We both got up before the alarm at 7 AM. What's up with that? I guess we were anxious to get going. We had our breakfast, prepped the trailer for departure, and were on the road at 8:00. It was partly sunny and muggy with a temp of 77. We could see some outer bands of clouds moving in from Hurricane Dorian and we were hoping to miss the rain today. We traveled southwest on I-95 to Augusta, GA. From there, we hopped on I-20 towards Atlanta. It takes us a little out the way, but at least we're away from the coast. Traffic was light going in both directions.
This overhead highway sign warned us that "evacuation was in progress and access to I-20 towards Charleston was closed".
We crossed the border into South Carolina and continued on with little traffic.
Our drive today would be a long one–332 miles. Going east on I-20, there were a TON of electric utility trucks and semis carrying all-terrain bobcats heading east to the coast to aid the residents in the hurricane disaster clean-up.
As we crossed into Georgia at Augusta, traffic continued to be light.
Crossing the peaceful-looking Savannah River at the border, there was a sign at the Welcome Center telling people to stop in for information on the hurricane. Savannah is the next target on Dorian's list.
We arrived at our campground, Atlanta South RV Resort, at 2:45.
Today's drive was 6 hours and 45 minutes. This was the longest drive on our whole trip. The temperature was now a steamy 97 degrees, but we would have another quick set-up by staying hooked up to the truck. We were assigned site # B20, a pull-through spot.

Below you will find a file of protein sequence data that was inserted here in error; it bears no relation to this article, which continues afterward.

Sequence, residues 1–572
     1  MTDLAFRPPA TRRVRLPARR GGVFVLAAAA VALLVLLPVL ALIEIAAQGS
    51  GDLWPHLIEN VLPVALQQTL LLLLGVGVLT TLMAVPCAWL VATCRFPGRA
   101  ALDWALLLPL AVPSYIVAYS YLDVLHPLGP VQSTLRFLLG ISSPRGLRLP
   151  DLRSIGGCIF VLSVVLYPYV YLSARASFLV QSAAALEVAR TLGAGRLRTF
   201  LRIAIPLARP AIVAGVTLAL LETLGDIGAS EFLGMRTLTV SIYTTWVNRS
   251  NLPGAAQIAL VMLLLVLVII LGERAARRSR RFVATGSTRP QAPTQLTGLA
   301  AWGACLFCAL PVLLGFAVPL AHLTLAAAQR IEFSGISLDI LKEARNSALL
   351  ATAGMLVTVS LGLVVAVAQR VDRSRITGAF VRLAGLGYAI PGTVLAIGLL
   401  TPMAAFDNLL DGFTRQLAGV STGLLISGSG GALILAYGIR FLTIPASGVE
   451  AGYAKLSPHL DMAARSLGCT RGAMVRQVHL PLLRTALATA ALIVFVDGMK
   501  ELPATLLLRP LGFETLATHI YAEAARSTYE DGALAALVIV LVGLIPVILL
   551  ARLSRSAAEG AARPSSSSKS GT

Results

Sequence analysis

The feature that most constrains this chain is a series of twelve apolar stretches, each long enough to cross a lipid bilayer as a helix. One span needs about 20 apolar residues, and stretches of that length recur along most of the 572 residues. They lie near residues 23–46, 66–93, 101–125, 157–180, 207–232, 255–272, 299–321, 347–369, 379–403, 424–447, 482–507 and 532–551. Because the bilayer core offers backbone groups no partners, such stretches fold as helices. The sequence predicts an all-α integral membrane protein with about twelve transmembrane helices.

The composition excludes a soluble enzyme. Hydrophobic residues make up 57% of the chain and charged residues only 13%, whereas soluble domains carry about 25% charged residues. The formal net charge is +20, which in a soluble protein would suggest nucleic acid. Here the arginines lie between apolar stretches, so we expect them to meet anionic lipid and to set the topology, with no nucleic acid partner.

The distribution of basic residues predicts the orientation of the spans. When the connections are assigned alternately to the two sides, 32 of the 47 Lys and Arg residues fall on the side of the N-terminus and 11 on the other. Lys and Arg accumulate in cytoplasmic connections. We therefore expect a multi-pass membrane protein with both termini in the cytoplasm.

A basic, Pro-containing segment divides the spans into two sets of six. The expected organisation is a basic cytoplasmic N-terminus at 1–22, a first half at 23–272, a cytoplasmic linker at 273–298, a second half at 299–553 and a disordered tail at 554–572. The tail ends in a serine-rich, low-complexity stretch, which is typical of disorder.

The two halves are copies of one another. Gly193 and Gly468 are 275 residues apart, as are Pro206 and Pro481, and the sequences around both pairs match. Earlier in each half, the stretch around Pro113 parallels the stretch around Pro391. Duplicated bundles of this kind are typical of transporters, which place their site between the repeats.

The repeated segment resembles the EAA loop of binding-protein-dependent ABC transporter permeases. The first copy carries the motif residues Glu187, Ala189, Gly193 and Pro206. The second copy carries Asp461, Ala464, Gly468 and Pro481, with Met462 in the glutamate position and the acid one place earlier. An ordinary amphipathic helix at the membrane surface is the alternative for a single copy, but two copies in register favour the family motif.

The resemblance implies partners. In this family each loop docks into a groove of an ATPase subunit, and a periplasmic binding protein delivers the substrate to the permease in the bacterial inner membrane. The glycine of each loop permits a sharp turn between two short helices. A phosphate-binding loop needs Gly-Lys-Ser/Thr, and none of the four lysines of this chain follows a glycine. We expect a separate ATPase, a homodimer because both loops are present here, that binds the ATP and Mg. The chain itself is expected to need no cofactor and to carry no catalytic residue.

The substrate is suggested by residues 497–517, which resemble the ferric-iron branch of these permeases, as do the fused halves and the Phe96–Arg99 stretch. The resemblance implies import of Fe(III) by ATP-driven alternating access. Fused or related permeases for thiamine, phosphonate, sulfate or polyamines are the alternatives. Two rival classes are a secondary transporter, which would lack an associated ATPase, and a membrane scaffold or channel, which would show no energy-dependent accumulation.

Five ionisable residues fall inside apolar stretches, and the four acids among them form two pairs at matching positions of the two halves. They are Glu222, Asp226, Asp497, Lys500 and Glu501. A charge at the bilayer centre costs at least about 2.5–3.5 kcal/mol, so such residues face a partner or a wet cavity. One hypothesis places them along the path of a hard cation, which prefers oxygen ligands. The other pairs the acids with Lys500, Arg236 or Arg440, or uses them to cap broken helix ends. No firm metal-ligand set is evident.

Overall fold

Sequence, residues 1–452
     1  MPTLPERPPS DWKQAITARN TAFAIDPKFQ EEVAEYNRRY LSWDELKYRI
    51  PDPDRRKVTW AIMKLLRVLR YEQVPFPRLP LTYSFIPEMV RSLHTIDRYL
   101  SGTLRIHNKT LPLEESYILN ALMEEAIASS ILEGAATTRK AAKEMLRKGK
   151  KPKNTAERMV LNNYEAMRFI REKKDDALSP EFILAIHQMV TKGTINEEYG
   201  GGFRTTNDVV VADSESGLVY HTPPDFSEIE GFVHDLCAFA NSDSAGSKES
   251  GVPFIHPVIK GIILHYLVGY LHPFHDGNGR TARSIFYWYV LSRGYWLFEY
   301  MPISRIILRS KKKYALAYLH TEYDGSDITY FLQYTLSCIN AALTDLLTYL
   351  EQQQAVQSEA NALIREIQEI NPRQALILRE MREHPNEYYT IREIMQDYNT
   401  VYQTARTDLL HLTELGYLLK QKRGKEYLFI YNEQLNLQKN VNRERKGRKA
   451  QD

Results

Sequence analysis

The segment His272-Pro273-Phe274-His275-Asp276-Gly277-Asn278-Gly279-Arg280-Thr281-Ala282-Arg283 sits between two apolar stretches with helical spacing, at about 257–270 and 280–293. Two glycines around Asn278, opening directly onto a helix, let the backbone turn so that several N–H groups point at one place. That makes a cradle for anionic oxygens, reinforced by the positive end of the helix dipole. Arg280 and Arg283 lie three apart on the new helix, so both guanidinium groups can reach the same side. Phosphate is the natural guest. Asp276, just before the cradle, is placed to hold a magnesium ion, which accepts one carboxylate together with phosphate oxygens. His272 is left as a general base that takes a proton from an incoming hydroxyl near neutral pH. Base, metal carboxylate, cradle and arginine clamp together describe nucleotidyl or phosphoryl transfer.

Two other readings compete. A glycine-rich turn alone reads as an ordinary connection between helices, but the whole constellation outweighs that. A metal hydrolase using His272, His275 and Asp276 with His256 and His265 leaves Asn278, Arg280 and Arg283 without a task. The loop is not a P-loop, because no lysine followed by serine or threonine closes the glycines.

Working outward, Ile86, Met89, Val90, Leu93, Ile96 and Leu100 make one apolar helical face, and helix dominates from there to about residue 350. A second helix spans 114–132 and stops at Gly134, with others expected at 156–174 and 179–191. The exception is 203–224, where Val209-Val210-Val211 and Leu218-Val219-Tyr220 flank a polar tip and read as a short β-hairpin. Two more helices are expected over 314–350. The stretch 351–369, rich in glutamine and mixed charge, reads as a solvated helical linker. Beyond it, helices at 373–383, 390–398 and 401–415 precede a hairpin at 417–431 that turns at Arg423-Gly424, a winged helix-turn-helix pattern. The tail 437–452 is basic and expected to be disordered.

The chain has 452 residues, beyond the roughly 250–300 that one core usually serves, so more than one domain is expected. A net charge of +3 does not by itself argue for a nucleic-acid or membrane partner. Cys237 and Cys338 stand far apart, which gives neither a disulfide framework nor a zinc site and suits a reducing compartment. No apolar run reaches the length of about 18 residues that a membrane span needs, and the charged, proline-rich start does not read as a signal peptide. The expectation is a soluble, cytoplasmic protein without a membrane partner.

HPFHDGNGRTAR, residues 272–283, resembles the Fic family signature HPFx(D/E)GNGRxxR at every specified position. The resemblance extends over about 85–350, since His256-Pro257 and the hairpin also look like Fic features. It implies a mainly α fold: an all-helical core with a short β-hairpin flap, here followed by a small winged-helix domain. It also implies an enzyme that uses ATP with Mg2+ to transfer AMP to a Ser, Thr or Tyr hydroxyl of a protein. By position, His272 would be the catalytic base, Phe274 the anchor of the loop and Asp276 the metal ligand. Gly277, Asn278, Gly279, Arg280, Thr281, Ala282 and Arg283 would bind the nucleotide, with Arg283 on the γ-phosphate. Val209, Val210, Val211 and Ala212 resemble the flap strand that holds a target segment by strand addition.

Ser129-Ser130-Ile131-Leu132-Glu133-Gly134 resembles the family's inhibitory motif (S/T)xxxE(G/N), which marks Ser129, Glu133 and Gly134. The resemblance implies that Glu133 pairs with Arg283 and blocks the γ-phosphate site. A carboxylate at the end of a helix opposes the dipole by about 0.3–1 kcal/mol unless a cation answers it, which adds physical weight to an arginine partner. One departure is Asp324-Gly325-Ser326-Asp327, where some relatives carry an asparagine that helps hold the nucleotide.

In no time at all, the AC was on cooling off the trailer. Auggie got some outside time while we set up, but it was also too hot for him, so he didn't stay outside too long. We relaxed a little before dinner and cooked pork chops on the grill. I talked with a man across the road from us who was an insurance adjuster. He had been called to come to help out in Florida on Sunday, but when Dorian took so long to arrive and didn't do much damage, he was sitting in the campground waiting to see where he would be called to go next. It was interesting to talk to him about the situation with Dorian. He was bored stiff waiting to find out where Dorian would go, so that he could go to work. He said the whole campground was filled with workers like that. As the sun went down and it cooled off a bit, we took our walk around the campground to see who was all here. It's always interesting to see. We relaxed with some TV and were thankful that other than a little bit of wind around Atlanta, we had a nice day for travel. I think the threat of Dorian is behind us now and the rest of the drive home will be uneventful.